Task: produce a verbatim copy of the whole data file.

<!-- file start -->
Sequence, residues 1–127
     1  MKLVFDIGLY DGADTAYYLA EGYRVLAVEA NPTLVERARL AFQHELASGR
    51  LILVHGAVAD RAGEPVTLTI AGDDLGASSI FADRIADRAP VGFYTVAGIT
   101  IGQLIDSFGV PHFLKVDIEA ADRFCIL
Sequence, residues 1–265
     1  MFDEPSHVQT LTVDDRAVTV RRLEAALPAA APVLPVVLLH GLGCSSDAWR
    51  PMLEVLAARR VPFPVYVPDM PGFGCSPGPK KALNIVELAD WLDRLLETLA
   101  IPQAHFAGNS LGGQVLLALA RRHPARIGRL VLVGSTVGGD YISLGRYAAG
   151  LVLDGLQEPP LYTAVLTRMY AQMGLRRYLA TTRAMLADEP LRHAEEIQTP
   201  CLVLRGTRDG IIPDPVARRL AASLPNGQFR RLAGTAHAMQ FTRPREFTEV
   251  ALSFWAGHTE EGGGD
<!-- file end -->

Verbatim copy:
Sequence, residues 1–127
     1  MKLVFDIGLY DGADTAYYLA EGYRVLAVEA NPTLVERARL AFQHELASGR
    51  LILVHGAVAD RAGEPVTLTI AGDDLGASSI FADRIADRAP VGFYTVAGIT
   101  IGQLIDSFGV PHFLKVDIEA ADRFCIL
Sequence, residues 1–265
     1  MFDEPSHVQT LTVDDRAVTV RRLEAALPAA APVLPVVLLH GLGCSSDAWR
    51  PMLEVLAARR VPFPVYVPDM PGFGCSPGPK KALNIVELAD WLDRLLETLA
   101  IPQAHFAGNS LGGQVLLALA RRHPARIGRL VLVGSTVGGD YISLGRYAAG
   151  LVLDGLQEPP LYTAVLTRMY AQMGLRRYLA TTRAMLADEP LRHAEEIQTP
   201  CLVLRGTRDG IIPDPVARRL AASLPNGQFR RLAGTAHAMQ FTRPREFTEV
   251  ALSFWAGHTE EGGGD